J.T.O: I’m far too sensitive a writer. Which is not to say that my writing is melodramatic; it certainly is not. I mean that my environment and mindset can drastically affect how well I write. And annoyingly, it is not all that consistent. What’s the perfect situation to be writing? The one that works! I sometimes write outside on a laptop, sometimes on paper, sometimes on a couch, sometimes at my desk, sometimes with music, sometimes without. I once hand wrote a few chapters while on an evening visit to the campus of MIT. I once wrote on a laptop while taking a break hiking way up in the Rocky Mountains with my dog, Moose. I’m finicky, I suppose. It can be frustrating, but so long as I manage to produce, I’ll just go with it.

AJ: Hobbies outside of writing?

J.T.O: I really enjoy hiking these days. I’m a romantic for the western wilderness. The Rocky Mountains as earlier mentioned, Painted Desert, Natural Bridge, Meteor Crater, White Sands, Grand Canyon, Black Hills and Thunder Basin, Petrified Forest, Wilson Lake. I don’t cross the Mississippi nearly as often as I’d like. Besides that, I play guitar and read. I’m always trying to blaze my way though my “to read” list. There’s not really a light at the end of that tunnel, though, and I make no secret that I like it this way.

AJ: Right now, what’s your favorite book?

J.T.O: Oh wow. Favorite book. Just one? That makes it tough, so I think I’ll cheat. For my non-fiction pick, I’ll say Modern Times by British historian and journalist Paul Johnson. It’s a history of the world from 1900 to 1990. You would think it would unoriginal and blasé. Quite the opposite, Johnson draws many conclusions and relationships out, inspiring a great deal of reconsideration.

I simply cannot pick a favorite work of fiction, so I will destroy brevity and select the whole Wheel of Time series by Robert Jordan (and Brandon Sanderson for the last three books). I’m not through the whole story yet (fourteen books, 11,000 pages, one story!), but what I’ve read so far has blown me away. They are fantastic books! So well constructed!

AJ: What are you currently working on? Will it be out soon?

J.T.O: I just finished editing a novella called Littledon! It is an allegory of sorts, and I hope to launch that very soon so that I can focus all my energies on following up The Remaking.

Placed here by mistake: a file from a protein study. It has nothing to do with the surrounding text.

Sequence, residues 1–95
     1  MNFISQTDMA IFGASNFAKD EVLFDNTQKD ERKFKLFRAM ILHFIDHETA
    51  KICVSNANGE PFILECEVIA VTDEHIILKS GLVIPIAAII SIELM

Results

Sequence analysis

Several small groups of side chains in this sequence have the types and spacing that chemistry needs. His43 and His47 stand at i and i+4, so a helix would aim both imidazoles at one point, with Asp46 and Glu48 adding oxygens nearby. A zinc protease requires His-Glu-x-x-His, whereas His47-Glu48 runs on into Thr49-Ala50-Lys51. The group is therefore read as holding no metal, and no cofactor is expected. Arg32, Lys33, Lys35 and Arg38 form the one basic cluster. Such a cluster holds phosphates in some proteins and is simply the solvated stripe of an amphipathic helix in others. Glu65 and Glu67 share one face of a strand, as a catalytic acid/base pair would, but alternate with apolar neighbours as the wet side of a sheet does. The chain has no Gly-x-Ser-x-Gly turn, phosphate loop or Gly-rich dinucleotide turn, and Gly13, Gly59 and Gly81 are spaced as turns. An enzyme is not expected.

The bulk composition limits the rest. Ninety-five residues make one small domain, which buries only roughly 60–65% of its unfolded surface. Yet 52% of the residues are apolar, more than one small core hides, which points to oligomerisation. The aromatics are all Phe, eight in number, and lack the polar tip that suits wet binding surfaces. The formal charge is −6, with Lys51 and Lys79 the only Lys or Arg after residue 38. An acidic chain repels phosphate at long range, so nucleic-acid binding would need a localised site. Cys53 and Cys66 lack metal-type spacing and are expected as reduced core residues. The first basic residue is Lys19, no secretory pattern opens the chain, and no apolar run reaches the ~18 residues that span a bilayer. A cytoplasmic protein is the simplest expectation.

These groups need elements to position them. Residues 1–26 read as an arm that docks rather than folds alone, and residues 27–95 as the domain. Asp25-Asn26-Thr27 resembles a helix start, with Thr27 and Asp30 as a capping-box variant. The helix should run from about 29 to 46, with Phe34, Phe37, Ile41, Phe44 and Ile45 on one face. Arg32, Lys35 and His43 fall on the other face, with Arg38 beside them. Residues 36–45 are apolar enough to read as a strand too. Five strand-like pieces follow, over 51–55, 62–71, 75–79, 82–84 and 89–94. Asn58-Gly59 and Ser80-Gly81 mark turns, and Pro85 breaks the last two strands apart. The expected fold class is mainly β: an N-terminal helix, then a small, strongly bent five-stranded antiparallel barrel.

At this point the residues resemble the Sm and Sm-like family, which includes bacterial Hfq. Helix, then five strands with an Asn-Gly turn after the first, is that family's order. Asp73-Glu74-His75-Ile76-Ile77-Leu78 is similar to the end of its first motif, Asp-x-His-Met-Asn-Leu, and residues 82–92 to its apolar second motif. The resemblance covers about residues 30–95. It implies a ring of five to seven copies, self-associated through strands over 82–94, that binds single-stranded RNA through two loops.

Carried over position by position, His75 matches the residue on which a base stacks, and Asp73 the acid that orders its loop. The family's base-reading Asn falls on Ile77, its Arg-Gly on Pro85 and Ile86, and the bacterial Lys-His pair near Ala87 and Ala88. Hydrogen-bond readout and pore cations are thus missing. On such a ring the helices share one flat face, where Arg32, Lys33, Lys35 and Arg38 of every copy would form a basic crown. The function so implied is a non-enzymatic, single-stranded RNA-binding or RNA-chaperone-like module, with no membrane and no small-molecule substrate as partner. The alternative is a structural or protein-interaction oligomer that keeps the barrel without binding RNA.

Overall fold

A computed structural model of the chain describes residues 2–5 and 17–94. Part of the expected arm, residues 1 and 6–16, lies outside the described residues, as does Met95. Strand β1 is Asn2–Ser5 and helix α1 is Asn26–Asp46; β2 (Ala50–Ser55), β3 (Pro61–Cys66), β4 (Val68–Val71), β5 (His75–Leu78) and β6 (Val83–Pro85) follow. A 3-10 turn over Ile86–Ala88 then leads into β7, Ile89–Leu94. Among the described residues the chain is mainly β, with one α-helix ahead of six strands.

Thanks for the interview, J.T.

You can find more information about J.T. below.

Purchase The Remaking on Amazon Kindle


Release Day + 7

So, today marks the 1 week mark since I released As the Ash fell, and I have to say I am very pleased with how it has been received.

I am not talking about just my friends and family who want to be supportive (though I believe many of their comments to be genuine). I have started to get reviews and feedback from people who don’t have a horse in the race. Just using general marketing and spreading the word on various forums and social media I have gotten some tremendously positive feedback, and most of them asking for a sequel.

I want to post one of the 5 stars reviews I received on Amazon from someone I do not know except through the forums I posted my book in:

This is put together better than the 299 days series (which I enjoyed but were too instructional). Tastefully done and no hints of mall cops or zombies. A good balance of drama and action. I was pulled in by the characters and couldn’t stop reading. The kindle apps make it too easy to read at work.

I only hope the author follows up with a sequel!”

I have not read the 299 Days series he’s referring to; I’ve only heard of it just here and there. However, when I looked it up on Amazon, the books, as a series, had hundreds of reviews at 5 stars, and was selling on the Kindle for $8-$9 a pop. This was a huge compliment for me. I know many folks really like their post apocalyptic books, so for someone to tell me that my book read better than another (successful) series they enjoyed, was an incredible and humbling comment.

There are three things I am receiving consistent feedback about: The story flows well, the characters are deep and believable, and it’s hard to put down. These are the kinds of comments I like to hear. While there may be issues with finer details, getting these broad issues taken care of will keep readers engaged and want to see more from the story after each page turn. It means I have done my job as a story teller, not just an author.

So how were sales for my first week? Well, I won’t discuss numbers in public—that’s partly my rule and I’ve also heard Amazon doesn’t care for those things either. However, I will say that I set a modest goal for my first month’s sales, and I got 75% of the way there in my first week. That’s not including borrows via Kindle Unlimited or paperback sales. Strictly sales on Kindle e-reader. To say I am encouraged is an understatement. My book ranked between 15,000 and 25,000 all week long, which was with almost no marketing (just me telling people about it on Twitter/Forums/Facebook). I am excited to see what happens when I start doing some marketing—and I have some pretty cool plans coming up soon about that.

I want to again thank all my friends and family who have helped spread the word of As the Ash Fell, and made this a successful launch. Thank you!

As the Ash Fell is currently available on Amazon Kindle (Kindle Unlimited as well) for $3.99 and Paperback for $14.99.

Until next time,


As the Ash Fell RELEASED!

Hello everyone,

I am very pleased to announce that, after more than a year of hard work, As the Ash Fell has released on Amazon Kindle! I can’t even begin to describe the feeling at the moment, so I’ll just give you the link. I will write a bit more detailed post later.

Download the Kindle version HERE!

Order the print version HERE!